|Birth: ||Jun. 24, 1835|
County Meath, Ireland
Date of issue unknown
OLD PIONEER IS CALLED HOME
Mrs. John McIntee Passes
Away at her Home Here
Another name is stricken from the ever lessening roll of our pioneers, and a lonely home is left to attest how sadly they will miss her. It must be so; these tender human ties cannot be severed without a pang. Yet in such death there is really no cause for grief. Her life work was done, and well done. She had almost reached the fourscore milestone, and wearied with life's duties and cares, weary of suffering and waiting, she lay down to rest.
Mrs. John McIntee, for over forty years a resident of Bradford, was born in Drogheda, Mayth County, Ireland, June 24, 1835, and passed away at her home in this place on Friday morning at 8:30, after an illness dating back three years, of weakness of the heart. In 1839 she with her parents, left her birthplace and emigrated to Canada, locating at Kingston. Here she grew to womanhood, attending the convent school at that place, and attaining an excellent education. The family moved from Kingston to Arthur, Canada, where the father purchased a farm. It was at the parental home one December 11, 1844 (Ed. note: transcription error, date too early), she was united in marriage with John McIntee. Shortly after their marriage, Mr. and Mrs. McIntee left Canada, and coming to America settled in the state of Michigan, Not being contented with that part of the country they concluded to come farther southwest, and in 1869 removed to our neighboring town of Henry. A few months later they came to Bradford, and this has since been their home, they having the distinction of being the first Irish family to settle in our village. Being faithful members of the Catholic faith she never faltered from its teachings, often with her husband driving as far as Lacon to attend divine worship, Catholic churches at that time being few throughout this neighborhood. The beautiful influence of a pure religion were spread over a life and character as spotless and charming as was ever possessed by any noble woman. It is difficult to pay a fitting tribute to the memory of a good, christian, loving mother, and, indeed, what more need be said when those words are used to eulogize Mrs. McIntee's life. Friends of long standing say no one was more willing to aid the suffering, cheer the desponding, sustain the weak, and to throw over the frailties of our race the mantle of Christian charity, and when sickness and death came to her, the neighbors and friends vied with each other in acts of loving kindness and tender solicitude, and many were the willing hands and hearts ready to assist those upon whom her death was felt. Another testimony of the love and friendship she bore was the long line of carriages that followed her remains to the Catholic cemetery, after Requiem High Mass had been said at St. John's church, on Monday morning. We express the sentiment and wishes of scores of her old friends when we say, "May her slumbers be guarded by God's purest angels."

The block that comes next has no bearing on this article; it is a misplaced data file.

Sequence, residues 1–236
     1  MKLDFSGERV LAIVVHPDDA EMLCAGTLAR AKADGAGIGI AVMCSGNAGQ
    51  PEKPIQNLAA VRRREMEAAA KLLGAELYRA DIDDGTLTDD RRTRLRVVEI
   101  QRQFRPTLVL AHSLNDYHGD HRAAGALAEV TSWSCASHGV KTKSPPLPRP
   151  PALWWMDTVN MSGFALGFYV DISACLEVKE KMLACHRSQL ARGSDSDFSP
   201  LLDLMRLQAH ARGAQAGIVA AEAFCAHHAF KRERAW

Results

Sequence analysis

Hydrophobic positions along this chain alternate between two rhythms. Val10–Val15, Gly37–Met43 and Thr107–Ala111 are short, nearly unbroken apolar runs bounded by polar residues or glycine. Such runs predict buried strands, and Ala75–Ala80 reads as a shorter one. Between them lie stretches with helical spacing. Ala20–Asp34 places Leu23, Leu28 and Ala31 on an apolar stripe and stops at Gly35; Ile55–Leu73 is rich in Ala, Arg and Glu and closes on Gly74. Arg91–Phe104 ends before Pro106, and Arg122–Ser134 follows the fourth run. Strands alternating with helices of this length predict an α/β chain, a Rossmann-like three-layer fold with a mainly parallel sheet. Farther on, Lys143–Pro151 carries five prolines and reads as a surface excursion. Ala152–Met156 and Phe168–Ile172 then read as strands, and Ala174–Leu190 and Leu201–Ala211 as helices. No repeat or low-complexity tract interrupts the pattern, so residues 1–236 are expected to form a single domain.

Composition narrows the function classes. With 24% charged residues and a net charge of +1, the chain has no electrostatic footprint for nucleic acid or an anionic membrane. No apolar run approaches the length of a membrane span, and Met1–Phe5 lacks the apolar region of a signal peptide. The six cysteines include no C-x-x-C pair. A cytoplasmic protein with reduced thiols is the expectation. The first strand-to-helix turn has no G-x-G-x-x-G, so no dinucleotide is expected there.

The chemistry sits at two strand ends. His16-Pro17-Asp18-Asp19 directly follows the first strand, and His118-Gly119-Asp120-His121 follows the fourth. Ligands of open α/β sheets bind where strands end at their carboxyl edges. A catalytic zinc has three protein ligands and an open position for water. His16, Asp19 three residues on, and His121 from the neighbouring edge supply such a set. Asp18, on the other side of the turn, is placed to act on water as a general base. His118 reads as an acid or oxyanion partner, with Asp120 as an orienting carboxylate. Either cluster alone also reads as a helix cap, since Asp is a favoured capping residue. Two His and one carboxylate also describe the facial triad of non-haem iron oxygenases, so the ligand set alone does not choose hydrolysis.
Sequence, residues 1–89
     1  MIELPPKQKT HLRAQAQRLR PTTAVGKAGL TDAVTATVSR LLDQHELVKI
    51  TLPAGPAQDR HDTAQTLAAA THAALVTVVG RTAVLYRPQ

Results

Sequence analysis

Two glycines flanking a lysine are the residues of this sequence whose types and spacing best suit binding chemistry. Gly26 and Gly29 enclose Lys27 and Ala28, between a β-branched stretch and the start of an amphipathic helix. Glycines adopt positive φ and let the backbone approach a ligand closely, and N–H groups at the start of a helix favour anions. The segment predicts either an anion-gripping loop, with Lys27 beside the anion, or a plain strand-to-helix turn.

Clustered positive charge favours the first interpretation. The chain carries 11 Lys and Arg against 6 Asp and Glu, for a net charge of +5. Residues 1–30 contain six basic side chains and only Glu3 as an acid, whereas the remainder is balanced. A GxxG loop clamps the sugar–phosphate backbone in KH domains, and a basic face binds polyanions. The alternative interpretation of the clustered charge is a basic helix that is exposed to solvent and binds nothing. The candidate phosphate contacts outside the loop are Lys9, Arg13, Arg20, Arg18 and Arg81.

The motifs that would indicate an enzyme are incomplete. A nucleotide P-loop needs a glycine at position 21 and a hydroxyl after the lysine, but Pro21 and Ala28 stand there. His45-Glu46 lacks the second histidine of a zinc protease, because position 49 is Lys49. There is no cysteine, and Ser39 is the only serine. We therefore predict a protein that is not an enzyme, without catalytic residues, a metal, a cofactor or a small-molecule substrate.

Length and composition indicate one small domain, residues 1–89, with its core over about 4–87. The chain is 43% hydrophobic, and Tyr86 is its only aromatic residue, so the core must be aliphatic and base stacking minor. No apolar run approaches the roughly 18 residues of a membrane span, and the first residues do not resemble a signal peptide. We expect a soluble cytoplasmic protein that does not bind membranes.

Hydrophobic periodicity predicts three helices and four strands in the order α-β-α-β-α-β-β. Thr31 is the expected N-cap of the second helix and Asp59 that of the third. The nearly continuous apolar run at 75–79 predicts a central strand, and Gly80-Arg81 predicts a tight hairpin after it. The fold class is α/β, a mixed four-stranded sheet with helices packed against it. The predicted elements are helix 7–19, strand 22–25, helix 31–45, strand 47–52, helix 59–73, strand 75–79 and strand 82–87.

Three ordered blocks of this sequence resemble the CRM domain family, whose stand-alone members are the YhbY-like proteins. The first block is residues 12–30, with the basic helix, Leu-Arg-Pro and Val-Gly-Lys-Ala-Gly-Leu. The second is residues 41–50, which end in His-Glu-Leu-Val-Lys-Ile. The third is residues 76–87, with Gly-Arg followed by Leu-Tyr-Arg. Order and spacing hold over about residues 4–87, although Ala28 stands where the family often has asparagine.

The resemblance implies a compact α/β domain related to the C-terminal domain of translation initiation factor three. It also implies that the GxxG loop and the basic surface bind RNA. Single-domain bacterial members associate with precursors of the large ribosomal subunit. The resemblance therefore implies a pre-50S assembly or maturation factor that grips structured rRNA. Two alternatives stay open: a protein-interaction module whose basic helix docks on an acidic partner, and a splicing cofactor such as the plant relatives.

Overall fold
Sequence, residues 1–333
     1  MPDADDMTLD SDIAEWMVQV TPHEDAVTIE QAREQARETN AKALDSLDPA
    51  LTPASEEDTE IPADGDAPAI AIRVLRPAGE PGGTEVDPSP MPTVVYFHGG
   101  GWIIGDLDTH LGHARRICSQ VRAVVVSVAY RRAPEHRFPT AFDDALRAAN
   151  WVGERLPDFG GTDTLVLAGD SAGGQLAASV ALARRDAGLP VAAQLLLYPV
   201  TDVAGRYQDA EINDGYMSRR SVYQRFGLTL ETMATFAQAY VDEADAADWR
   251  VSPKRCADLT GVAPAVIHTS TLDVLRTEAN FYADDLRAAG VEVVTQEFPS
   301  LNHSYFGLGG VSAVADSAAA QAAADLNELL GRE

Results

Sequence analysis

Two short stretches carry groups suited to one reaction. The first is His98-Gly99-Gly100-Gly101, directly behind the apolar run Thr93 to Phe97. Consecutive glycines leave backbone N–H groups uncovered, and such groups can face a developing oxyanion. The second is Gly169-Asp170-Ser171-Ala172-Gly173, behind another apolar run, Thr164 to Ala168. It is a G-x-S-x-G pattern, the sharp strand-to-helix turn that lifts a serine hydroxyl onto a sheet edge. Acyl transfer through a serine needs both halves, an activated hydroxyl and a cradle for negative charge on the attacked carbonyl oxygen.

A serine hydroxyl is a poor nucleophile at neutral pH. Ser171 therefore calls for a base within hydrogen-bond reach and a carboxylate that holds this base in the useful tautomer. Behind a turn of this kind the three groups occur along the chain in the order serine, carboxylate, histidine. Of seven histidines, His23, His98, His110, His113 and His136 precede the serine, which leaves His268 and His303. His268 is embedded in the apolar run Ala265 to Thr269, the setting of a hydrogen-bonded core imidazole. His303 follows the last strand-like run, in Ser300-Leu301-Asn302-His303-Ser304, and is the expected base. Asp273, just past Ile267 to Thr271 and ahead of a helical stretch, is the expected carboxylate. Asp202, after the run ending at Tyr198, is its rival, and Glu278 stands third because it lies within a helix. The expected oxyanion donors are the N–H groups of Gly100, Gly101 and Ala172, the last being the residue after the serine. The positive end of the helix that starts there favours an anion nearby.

A grief-stricken husband, two sons -- John of Chicago, and James of this place -- and several grandchildren who loved her as a mother mourn her death.
John Patrick McIntee (1834 - 1924)*
Saint John Cemetery
Created by: Gerald "Jerry" Hobson
Record added: Sep 04, 2013
Find A Grave Memorial# 116532936